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Detectives are on the hunt for fake research papers: Nature analysis investigates the paper mill problem

Earlier this year, a Nature analysis examined the problem of paper mills – companies that produce fake scientific manuscripts to order – by evaluating papers publicly linked to them. Although not a new problem, the feature in Nature describes how it was brought to the forefront in a January 2020 blog post by research-integrity ‘sleuths’ who posted a list of published papers that they believed came from paper mills.

The analysis revealed that by March this year, these detectives had publicly flagged over 1,300 articles that potentially originated from paper mills, and that journals had retracted at least 370 alleged paper mill articles and added expressions of concern to a further 45. Experts suspect this may not be the full extent of the problem and there may be thousands more articles linked to paper mills published in the literature. There are concerns over the size of the problem and the detriment to science as a whole. Prof Jennifer Byrne, a molecular oncology researcher at the University of Sydney and expert in exposing flawed papers had this to say about faked cancer studies:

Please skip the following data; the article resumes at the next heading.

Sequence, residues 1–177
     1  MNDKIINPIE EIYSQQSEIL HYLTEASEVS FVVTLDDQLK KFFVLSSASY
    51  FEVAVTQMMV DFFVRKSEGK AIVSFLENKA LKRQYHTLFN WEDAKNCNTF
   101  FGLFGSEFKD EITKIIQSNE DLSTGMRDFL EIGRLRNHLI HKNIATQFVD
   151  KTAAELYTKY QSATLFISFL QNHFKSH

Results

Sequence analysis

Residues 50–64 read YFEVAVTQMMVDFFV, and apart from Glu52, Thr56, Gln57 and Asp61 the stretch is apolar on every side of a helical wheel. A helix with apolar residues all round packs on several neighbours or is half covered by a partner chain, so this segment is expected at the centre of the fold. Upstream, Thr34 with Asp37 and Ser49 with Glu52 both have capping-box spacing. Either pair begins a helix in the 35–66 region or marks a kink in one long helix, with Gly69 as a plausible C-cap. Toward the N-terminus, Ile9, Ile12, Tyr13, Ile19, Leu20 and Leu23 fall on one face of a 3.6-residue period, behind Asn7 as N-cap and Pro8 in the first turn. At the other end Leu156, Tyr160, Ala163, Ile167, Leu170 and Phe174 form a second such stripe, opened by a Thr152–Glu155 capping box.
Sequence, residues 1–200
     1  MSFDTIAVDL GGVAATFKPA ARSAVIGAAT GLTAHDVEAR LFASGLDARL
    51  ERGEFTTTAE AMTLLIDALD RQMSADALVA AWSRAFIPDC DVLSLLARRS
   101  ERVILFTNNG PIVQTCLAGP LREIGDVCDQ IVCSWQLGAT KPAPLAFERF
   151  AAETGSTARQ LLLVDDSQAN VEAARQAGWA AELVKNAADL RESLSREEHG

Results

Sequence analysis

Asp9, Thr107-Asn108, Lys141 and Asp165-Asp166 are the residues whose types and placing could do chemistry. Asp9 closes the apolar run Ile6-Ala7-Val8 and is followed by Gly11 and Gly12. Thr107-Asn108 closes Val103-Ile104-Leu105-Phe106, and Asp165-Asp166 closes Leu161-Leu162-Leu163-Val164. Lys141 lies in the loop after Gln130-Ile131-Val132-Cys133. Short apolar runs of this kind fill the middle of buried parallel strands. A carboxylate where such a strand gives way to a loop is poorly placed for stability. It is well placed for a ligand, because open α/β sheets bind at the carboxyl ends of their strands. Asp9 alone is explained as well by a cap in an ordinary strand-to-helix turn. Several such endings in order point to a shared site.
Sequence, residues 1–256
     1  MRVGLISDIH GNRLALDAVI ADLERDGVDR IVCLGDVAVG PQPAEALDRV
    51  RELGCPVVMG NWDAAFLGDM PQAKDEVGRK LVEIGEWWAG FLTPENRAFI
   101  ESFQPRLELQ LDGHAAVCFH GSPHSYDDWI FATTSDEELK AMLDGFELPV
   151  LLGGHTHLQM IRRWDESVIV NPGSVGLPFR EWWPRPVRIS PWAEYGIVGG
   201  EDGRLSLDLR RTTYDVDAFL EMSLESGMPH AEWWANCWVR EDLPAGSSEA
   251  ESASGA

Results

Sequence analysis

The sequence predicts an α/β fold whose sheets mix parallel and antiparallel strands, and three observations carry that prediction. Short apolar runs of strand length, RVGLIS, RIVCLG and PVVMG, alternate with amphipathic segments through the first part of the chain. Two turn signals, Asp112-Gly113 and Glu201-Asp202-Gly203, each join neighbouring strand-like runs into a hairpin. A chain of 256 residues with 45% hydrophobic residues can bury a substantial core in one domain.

“People die from cancer – it is not a game. It is important that the literature describes the work that takes place.”

A number of publishers and independent analysts are working to combat the problem of paper mills and prevent the publication of these submissions. Red flags that could indicate a paper mill include:

  • similar features in papers from different authors at different institutions
  • irregularities with western blots
  • similar titles
  • identical bar charts representing different experiments
  • identical plots of flow cytometry analyses
  • incorrect nucleotide sequences or reagents
  • papers from Chinese hospitals (the source of a high number of retracted articles)
  • non-academic email addresses
  • no raw data
  • poor English.

Publishers are also employing other tactics to spot articles from paper mills, including developing software to identify duplicate images and using analysts to detect problems with submitted manuscripts. However, even where these measures succeed, limits on data sharing between journals mean papers could still be published at another journal. With paper mills increasingly aware of the measures employed to stop their submissions and using more sophisticated methods to avoid detection, the fight against fake research is not yet over.


What do you think – do journals and publishers need to do more to tackle paper mills?


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